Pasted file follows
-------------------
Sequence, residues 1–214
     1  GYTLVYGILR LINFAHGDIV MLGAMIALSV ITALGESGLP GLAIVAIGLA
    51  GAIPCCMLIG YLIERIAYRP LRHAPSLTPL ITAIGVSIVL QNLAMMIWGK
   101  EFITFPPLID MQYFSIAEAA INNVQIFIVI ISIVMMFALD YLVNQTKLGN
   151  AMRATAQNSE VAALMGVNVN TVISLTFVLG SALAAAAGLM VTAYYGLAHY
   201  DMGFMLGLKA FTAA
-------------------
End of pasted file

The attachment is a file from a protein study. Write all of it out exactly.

Sequence, residues 1–214
     1  GYTLVYGILR LINFAHGDIV MLGAMIALSV ITALGESGLP GLAIVAIGLA
    51  GAIPCCMLIG YLIERIAYRP LRHAPSLTPL ITAIGVSIVL QNLAMMIWGK
   101  EFITFPPLID MQYFSIAEAA INNVQIFIVI ISIVMMFALD YLVNQTKLGN
   151  AMRATAQNSE VAALMGVNVN TVISLTFVLG SALAAAAGLM VTAYYGLAHY
   201  DMGFMLGLKA FTAA